One of the benefits of technical work--for example, programming or IT support--is that you often can do much of it with no one else around. That makes plenty of tech jobs perfect for people who lean toward the introverted side of the personality spectrum.
Wait. Whoops! Scratch that, apparently.
David Graham, founder and CEO of Code Ninjas, says that today's companies simply can't wait as long for tech work to be completed. If just one programmer works on a project, for example, the risk now is that the project could become old news before it even made it halfway through the development process. So while there still are plenty of lone wolf tasks for tech workers to grab, the trend is shifting to a much more collaborative approach where soft skills are the primary currency of success.
Graham compares the situation to the need for doctors to have great bedside manner with their patients.
"Being an effective communicator doesn't make you a better software developer. The computer doesn't care one way or another. Being able to communicate effectively and have a high EQ does allow a person to be better at creating software that people actually want to use. [...] If the developer can empathize with the user and create an experience that is easier to use and understand, the application will be more readily adopted and most likely more successful."
And while there are plenty of soft skills that come into play, Graham says the ability to listen with a purpose is the most valuable, since it's respectful and provides the opportunity to learn.
"Listening with a purpose means that you turn your phone off, your computer is closed, you look at the presenter and listen to the other people in the call/meeting, you engage when it's relevant and your turn to talk, and you add to the conversation and, hopefully, the ultimate solution. This might seem obvious, but developers have a nasty habit of saying what they think is important in order to get 'their part' over with as quickly as possible instead of listening to other people, consuming their point of view and then determining if what they had to say is relevant or contributing to the solution."
All this sounds good, but what about stress? Couldn't forcing more introverted people into more social ways of working create a lot of anxiety?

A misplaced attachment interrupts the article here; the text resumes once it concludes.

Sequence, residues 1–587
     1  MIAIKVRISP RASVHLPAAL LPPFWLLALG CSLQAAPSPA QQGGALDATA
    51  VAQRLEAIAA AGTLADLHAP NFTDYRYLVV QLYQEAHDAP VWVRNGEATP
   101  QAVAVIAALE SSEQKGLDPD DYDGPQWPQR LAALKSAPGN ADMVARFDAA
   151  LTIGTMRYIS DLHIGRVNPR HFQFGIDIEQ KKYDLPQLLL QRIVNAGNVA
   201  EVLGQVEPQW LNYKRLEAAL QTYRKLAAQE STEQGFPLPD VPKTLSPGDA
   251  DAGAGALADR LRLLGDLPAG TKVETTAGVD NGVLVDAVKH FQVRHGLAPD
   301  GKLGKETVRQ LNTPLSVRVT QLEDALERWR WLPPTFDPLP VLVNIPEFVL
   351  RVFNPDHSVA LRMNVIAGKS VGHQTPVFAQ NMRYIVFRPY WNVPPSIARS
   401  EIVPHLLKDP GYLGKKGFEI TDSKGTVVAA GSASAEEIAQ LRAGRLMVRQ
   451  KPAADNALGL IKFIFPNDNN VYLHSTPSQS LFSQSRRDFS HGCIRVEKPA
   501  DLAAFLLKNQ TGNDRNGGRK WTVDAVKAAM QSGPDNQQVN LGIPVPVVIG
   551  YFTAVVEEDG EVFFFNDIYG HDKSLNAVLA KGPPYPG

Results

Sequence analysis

Graham says not to worry.
"What I've seen on teams of developers that listen with purpose is that everyone's opinion is respected equally. In a time when developers are in such high demand, keeping a great team together can be very difficult. If each member knows that the team respects their opinions, they are less stressed when presenting their point of view. This can have a huge impact on self-esteem and stress levels for people, especially those [who are] typically more introverted."
It all implies that, in the future, emotional intelligence will separate the tech haves from the have-nots. But here, too, Graham says it's not that straightforward. Technical work by its very nature is still very fact based and scientific. So empirical evidence still matters, and if feelings always are put ahead of what supports a claim, you can get the very social friction you're trying to avoid. It doesn't help teams to pacify employees that can't handle dissenting opinions. There's thus a balance between looking at emotional dynamics and just telling it like it is as kindly as you can.
To make sure you achieve this goal and navigate the shift to more collaborative tech work well, Graham recommends that you ask yourself these key questions before you speak up.
- Have I really considered the other opinions and facts presented?
- Am I stating an opinion or fact?
- If it's an opinion, can I back it up with hard facts?
- If it's a fact, does this get us closer to the objective at hand?
"Unless the team has actively engaged in a pre-mortem of sorts, 'playing devil's advocate' rarely moves the ball forward and usually just injects fear into a situation," Graham concludes. "Try to remain a positive source of knowledge, even when in disagreement with the consensus."